There are felines hiding in the Freer Gallery of Art and the Arthur M. Sackler Gallery.
Cats lurk in odd corners of the refined and elegant museums on the National Mall in Washington D.C., just waiting to be found.
One sits demurely in a well-viewed corner of the fabled Peacock Room. Another is mounted on a wall staring inscrutably over the heads of wandering tourists. A third is the back of a mirror that likely reflected the face of a Chinese aristocrat applying her make-up.
“We see evidence and writings about, that mention cats as early as the 11th – 12th century,” says Ann Yonemura, the Freer’s Senior Associate Curator of Japanese Art.
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The Freer was built to hold the Asian collection of Charles Lang Freer from his worldwide trips in the early 1900s. Next door, the Arthur M. Sackler Gallery holds South Asian items from India, Iran and other countries in the region.
Where do you find the Freer and Sackler's cats?
_ In the famed Peacock Room, painted by James McNeill Whistler, a small fist-sized earthenware kitty from Japan's Meiji period (1868-1912) sits at the feet of the massive gold-framed painting of “La Princess du pays de la Porcelaine.”
_ In the Sackler exhibit of "Feast Your Eyes: A Taste for Luxury in Ancient Iran" there are three curving wine horns from the Parthian period (100 BC-100 A.C.). One has an aggressive lynx, another a lion head.
_ A pair of stylized bronze tigers, acquired in 1935, are supposedly from China’s Zhou dynasty, 1046–256 B.C.
_ A lion head sculpture from the Amaravati Stupa in India dates back to the 2nd century C.E.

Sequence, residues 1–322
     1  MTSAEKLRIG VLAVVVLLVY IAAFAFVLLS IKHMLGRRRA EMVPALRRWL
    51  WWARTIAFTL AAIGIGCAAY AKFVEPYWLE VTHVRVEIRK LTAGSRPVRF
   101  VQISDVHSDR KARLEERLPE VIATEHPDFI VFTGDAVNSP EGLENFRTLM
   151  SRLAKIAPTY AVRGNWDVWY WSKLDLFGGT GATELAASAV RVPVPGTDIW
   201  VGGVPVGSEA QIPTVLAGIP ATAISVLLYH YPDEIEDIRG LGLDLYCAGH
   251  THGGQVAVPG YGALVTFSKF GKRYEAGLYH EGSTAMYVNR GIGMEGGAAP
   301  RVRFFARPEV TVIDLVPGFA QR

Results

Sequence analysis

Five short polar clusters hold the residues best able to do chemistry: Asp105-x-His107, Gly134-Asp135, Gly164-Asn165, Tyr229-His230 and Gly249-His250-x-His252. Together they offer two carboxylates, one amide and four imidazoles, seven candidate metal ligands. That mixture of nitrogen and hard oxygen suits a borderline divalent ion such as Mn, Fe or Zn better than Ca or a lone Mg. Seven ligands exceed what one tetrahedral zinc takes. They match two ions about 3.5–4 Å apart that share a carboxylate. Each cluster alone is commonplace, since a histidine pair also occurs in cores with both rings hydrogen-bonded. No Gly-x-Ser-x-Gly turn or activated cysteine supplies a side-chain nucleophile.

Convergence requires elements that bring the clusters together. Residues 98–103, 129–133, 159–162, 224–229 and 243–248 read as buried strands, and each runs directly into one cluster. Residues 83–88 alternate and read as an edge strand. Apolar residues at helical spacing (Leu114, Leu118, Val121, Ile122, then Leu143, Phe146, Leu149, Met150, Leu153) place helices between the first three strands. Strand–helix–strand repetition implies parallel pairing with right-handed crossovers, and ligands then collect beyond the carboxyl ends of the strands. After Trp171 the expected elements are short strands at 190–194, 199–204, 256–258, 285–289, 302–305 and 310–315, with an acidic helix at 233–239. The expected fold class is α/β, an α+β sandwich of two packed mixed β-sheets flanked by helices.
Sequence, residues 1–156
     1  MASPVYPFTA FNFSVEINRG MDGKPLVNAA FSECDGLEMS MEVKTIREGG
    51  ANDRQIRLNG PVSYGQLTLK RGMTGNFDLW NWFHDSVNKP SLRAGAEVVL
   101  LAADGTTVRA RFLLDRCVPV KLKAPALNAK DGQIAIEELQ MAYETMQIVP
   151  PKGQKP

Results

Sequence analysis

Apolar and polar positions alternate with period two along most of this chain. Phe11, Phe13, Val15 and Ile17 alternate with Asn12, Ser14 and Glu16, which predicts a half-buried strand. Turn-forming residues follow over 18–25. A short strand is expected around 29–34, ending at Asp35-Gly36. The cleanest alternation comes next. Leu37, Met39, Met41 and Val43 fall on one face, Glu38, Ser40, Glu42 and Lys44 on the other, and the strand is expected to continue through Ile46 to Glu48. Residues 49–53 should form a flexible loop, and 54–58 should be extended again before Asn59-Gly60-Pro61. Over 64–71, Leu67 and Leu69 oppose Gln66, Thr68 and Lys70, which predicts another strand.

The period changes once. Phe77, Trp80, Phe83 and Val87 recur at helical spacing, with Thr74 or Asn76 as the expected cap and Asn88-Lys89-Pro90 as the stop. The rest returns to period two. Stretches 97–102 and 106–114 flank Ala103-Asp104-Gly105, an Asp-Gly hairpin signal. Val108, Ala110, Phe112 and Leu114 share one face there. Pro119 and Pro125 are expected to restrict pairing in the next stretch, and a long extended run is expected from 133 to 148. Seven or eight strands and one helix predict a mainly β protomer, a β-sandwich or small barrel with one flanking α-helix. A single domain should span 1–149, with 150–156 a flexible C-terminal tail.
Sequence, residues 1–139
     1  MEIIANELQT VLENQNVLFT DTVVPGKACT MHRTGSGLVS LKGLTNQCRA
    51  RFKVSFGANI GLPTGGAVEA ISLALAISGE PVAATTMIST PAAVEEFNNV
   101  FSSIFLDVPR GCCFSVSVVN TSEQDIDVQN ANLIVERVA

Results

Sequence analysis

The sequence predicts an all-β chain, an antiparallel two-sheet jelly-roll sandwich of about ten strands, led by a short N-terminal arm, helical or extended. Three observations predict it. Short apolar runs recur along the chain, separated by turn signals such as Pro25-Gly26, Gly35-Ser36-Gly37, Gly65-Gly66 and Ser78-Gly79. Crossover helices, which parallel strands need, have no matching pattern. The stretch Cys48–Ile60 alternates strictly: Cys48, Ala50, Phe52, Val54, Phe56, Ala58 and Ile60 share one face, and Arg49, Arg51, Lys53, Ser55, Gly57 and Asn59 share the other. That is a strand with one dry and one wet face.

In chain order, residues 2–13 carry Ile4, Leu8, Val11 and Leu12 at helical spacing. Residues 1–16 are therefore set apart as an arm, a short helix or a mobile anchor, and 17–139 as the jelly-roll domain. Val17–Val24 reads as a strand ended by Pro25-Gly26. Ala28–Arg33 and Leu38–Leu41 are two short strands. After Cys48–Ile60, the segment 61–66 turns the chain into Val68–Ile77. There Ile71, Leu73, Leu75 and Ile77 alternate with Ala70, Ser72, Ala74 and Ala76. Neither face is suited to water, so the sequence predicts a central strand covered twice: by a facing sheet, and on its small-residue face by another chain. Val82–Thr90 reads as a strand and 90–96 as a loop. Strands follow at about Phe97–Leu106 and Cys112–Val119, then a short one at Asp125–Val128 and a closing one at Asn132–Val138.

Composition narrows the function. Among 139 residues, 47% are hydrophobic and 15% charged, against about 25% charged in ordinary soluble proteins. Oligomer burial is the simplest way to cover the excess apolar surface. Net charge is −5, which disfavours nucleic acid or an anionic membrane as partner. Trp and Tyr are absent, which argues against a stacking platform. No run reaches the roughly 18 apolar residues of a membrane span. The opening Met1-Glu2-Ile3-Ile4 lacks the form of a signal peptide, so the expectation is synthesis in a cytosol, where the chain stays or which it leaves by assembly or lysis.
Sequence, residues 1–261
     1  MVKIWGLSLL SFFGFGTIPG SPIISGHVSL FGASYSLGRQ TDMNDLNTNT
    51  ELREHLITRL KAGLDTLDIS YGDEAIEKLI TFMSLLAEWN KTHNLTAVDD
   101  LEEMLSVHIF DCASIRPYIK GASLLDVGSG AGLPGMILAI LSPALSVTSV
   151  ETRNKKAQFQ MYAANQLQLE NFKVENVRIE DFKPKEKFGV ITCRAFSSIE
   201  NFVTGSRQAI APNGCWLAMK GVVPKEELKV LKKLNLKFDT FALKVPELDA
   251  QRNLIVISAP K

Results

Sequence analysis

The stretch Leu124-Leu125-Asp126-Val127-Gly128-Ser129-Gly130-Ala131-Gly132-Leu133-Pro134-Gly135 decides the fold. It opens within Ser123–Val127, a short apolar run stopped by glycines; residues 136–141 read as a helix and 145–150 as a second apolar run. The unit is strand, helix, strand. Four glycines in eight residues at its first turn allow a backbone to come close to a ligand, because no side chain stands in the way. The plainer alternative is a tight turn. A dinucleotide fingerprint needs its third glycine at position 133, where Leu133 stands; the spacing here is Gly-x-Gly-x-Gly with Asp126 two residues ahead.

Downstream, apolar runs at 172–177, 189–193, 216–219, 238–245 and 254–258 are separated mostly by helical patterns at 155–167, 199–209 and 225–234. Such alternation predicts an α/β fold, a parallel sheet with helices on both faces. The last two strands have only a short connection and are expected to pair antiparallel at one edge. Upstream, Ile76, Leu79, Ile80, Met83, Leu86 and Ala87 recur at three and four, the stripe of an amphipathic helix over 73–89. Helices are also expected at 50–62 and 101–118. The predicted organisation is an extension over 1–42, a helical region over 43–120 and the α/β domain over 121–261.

_ In the corridor of the Meyer Auditorium, a small bronze hand mirror from China’s Sui dynasty (581-618 C.E.) has stylized frolicking felines on the back.
Hidden in the archives, there are even more cats.
Among Kobayashi Kiyochika’s prints a playful black and white bobtail plays with a fallen lantern, a dangerous game amid the wooden buildings of Edo (Tokyo). Another has a red-collared white cat with its paw on its squirming prey. The mouse is obviously dinner.
In another, a Zen patriarch threatens a cat with a knife. A black cat glows amid the golden leaves on a silk scroll.
Yonemura says one of the motifs seen in later Japanese art from the 18th-20th century is “cats in association with beautiful women and very often the cat is being cuddled,” as in Tsukioka Yoshitoshi’s “Woman holding cat.”
But really, Yonemura says, it is “the beloved cat who is portrayed in a painting, as if we were taking cellphone photos for our Facebook page (of) our most adorable cat in the world.”
“You know, because... Don’t we think ours is always the most adorable?”